I have grown to love the morning, the earlier the better. Today I was able to be in my office well before 7:00 AM, so I have watched the world come alive around me. My office is on the second floor of the educational wing in the church where I am appointed as pastor. One of the things I love about my office location is that my window looks out over one of the busier streets in this area, so I see many different people doing many different things throughout the day.
Take this morning, for example. Walking through the deserted parking lot as the morning darkness transmuted into whisps of light, I slipped my key into the front lock and entered a darkened office hallway. Sitting at my much-cluttered desk I immediately dove into the stacks of paper I have to work through, hearing little from my opened window. In the refreshing newness of the day I could feel the gentle, cool autumnal breezes filtering through to where I was sitting.
Within the hour the traffic, both pedestrian and automobile, increases. I see joggers, walkers with their dogs in hand. And then, one of my favorite occurrences: two of the kids who live a block away, who regularly attend our church, and whom Claudia and I have "adopted" (along with their younger sister and mother). Every morning I am in the office they wave, raising their voices: "Hey, Pastor Bart!" I always return the wave and smile at them. It seems like a nice way for them and for me to start our mornings.
I busy myself with the relentless onslaught of email, telephone calls, preparation and papers representing work to be acted upon or delegated. And then I hear it.
A word wafting through my open window in this heretofore glorious morning that I am not expecting. The word that propriety prohibits me from typing here, but which begins with an "F" and rhymes with the animal that quacks and swims in the water. I am no prude. The wod surfeits regularly in our home, much to our chagrin, and after all this time is still not one that I appreciate much.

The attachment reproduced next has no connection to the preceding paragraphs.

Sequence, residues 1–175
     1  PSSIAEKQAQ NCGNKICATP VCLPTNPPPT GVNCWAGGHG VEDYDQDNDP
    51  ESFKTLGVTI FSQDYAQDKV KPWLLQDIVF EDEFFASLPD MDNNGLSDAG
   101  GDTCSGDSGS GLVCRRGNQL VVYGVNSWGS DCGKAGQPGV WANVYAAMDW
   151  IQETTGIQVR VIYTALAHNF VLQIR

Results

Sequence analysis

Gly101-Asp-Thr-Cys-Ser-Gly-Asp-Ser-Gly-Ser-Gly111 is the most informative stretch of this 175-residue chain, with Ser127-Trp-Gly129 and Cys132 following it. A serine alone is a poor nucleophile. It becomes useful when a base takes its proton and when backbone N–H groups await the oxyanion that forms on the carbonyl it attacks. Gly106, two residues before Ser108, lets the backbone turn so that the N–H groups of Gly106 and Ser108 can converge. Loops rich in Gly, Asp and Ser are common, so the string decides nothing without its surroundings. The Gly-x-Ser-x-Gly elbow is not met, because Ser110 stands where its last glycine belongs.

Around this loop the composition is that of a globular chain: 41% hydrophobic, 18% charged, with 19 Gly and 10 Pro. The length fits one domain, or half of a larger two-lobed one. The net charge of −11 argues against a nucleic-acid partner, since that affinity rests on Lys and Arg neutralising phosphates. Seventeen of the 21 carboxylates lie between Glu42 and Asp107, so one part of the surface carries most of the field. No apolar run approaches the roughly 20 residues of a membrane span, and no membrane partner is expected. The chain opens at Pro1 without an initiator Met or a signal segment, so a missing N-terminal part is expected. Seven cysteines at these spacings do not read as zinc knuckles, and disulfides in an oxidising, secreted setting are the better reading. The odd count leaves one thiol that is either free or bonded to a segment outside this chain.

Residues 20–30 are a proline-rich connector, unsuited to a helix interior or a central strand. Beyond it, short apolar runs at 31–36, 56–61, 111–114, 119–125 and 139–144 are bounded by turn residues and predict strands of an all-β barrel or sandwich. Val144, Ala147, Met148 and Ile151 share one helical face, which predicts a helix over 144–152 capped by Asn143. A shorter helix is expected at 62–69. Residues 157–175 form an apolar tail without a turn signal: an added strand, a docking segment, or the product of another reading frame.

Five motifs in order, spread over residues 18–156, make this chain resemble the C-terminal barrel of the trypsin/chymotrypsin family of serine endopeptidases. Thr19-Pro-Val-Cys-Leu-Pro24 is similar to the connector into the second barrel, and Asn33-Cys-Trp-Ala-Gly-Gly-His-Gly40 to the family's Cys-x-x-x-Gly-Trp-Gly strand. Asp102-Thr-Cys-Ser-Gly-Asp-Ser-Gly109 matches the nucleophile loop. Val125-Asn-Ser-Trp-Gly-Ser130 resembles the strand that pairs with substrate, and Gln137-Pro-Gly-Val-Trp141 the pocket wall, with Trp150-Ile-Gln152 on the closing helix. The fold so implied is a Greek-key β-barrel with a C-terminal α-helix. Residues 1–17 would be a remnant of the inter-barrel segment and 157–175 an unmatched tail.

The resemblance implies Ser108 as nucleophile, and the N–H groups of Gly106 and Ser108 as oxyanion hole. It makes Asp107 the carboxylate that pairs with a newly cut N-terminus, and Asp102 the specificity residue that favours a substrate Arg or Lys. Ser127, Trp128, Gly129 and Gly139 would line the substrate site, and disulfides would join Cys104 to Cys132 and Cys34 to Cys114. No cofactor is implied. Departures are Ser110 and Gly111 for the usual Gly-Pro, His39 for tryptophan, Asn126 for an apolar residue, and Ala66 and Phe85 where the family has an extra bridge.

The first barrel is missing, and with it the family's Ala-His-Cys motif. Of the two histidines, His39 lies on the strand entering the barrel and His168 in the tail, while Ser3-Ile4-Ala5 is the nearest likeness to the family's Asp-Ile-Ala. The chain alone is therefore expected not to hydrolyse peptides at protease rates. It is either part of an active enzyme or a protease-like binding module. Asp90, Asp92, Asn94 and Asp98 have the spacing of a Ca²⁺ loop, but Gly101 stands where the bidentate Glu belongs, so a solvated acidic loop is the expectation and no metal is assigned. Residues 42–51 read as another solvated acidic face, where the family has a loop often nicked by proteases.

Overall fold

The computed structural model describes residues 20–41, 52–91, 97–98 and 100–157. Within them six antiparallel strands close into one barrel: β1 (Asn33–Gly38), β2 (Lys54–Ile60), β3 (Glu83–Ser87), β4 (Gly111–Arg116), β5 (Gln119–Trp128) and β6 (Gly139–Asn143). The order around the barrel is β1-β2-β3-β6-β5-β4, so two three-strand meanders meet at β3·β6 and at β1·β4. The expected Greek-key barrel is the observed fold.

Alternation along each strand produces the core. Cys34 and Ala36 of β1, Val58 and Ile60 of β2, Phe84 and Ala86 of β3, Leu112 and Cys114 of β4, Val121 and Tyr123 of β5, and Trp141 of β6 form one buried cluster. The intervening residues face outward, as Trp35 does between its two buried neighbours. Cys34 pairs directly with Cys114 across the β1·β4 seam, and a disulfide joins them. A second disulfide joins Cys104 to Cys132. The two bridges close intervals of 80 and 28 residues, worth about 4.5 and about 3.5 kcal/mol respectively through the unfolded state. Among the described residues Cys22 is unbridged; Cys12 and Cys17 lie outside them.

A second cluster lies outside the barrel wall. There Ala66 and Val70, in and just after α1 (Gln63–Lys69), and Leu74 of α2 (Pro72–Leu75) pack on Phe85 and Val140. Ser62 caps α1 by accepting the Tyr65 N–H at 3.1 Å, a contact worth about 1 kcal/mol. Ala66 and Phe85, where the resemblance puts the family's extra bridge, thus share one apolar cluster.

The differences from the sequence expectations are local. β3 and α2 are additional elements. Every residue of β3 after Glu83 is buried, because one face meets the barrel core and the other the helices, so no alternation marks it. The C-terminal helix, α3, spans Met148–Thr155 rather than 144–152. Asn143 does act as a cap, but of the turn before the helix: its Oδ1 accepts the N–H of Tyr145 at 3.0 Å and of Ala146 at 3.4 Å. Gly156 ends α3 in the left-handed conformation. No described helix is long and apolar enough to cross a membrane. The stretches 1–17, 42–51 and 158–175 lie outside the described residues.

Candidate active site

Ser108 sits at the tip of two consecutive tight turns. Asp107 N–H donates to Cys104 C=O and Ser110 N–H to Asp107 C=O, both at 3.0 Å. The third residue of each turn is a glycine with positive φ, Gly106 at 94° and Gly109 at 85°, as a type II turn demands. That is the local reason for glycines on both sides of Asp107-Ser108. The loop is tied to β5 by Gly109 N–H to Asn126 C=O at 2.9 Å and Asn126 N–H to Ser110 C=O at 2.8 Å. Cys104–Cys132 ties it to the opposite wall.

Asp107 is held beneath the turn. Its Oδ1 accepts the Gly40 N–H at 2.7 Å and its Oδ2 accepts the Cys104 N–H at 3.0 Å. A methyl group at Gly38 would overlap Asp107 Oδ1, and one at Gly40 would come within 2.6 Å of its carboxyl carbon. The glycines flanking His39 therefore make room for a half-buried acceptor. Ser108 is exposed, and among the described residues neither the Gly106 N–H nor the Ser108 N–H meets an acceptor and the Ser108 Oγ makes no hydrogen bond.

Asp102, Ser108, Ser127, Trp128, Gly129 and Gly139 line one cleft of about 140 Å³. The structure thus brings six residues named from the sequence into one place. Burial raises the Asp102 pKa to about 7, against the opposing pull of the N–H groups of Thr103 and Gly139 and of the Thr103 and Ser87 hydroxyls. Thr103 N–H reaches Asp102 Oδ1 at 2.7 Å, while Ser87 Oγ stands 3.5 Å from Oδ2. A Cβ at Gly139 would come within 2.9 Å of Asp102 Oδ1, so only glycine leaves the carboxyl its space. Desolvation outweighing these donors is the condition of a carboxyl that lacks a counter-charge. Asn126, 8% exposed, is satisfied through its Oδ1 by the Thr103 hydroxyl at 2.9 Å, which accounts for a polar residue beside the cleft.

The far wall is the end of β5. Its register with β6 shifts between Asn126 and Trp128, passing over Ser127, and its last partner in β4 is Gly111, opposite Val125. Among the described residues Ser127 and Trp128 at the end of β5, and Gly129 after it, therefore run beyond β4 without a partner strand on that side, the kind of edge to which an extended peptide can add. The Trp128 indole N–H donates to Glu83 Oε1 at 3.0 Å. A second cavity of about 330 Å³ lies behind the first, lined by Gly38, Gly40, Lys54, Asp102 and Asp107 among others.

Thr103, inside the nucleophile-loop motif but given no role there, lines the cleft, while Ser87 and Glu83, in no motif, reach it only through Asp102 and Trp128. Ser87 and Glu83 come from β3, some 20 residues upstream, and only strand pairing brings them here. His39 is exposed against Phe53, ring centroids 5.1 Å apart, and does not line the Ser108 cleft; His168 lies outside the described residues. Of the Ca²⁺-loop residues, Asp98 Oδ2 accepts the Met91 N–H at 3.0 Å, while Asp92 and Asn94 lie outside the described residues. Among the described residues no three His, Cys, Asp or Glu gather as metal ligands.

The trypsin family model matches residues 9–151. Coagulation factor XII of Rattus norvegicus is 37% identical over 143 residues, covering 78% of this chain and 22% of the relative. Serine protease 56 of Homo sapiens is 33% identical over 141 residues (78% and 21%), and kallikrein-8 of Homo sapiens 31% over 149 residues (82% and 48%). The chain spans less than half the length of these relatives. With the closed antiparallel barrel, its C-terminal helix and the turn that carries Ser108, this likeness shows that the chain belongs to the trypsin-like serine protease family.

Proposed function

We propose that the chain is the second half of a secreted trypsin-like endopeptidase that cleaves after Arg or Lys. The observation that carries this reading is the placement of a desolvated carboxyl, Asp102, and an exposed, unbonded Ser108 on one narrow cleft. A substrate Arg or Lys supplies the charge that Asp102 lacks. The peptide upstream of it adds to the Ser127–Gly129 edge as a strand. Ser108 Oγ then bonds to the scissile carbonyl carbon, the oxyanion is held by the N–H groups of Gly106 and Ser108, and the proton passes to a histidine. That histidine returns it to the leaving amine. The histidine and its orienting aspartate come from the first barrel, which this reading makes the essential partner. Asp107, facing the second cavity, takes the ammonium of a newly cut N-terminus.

But to hear it piercing the beauty of the morning disconcerts me.
In the synaptic intensity of the moment, jarred as I was from the soothing start my morning had earlier promised, I drew a mental picture of the vulgarity's source. The church is located in a diverse neighborhood filled with all kinds of very interesting people, and so I imagined a small group of teenagers strutting their bravado and supposed maturity. Not seeing such a group, I thought perhaps a young adult who had experienced a challenging life or morning.
But it was neither.
It was a young man, someone I have seen walk by the church before, but not a person I have yet had the opportunity to meet. Twentyish, scraggly-bearded and evidencing the signs of a challenging life, he was holding the hand of a preschool child. No older than four years of age, she appeared to be his daughter. “Surely not,” I thought. “That guy can’t be talking to a small child that way, can he?”
In those quick moments of mental processing I quickly convinced myself that I must have misunderstood or misheard what I thought I had heard. Sadly, he confirmed my initial shock as I heard, “Hurry up! You don’t have to be so f---ing slow.”
By this time they were nearly past the church facilities and crossing the sidewalk, so I didn’t feel my presence would be welcome or helpful. Even had they been within clearer sight or closer to my office, I’m not sure if I would have bounded down the stairs and out the doors to confront the inappropriate behavior. The time may come when I have the chance to develop some kind of relationship with him, but the time was not today.
And so, sitting here, watching from my window, I am reminded that as challenging as my children are, they do not have to be subjected to the kind of emotional abuse that may very well lead them into repeating a generational cycle of despair and hopelessness. While we exchange heated and terse words now that most of kids are in the teenage years, none of our children at those young ages had to endure the inappropriate wrath of their parents because they were dawdlers.
Watching from my window reminds me that our world is filled with shadow and light, hope and despair, promise and destitution. And I am glad that I have the opportunity, one child at a time, to do my best to prevent the scene I observed this morning beneath the steps of my church office window.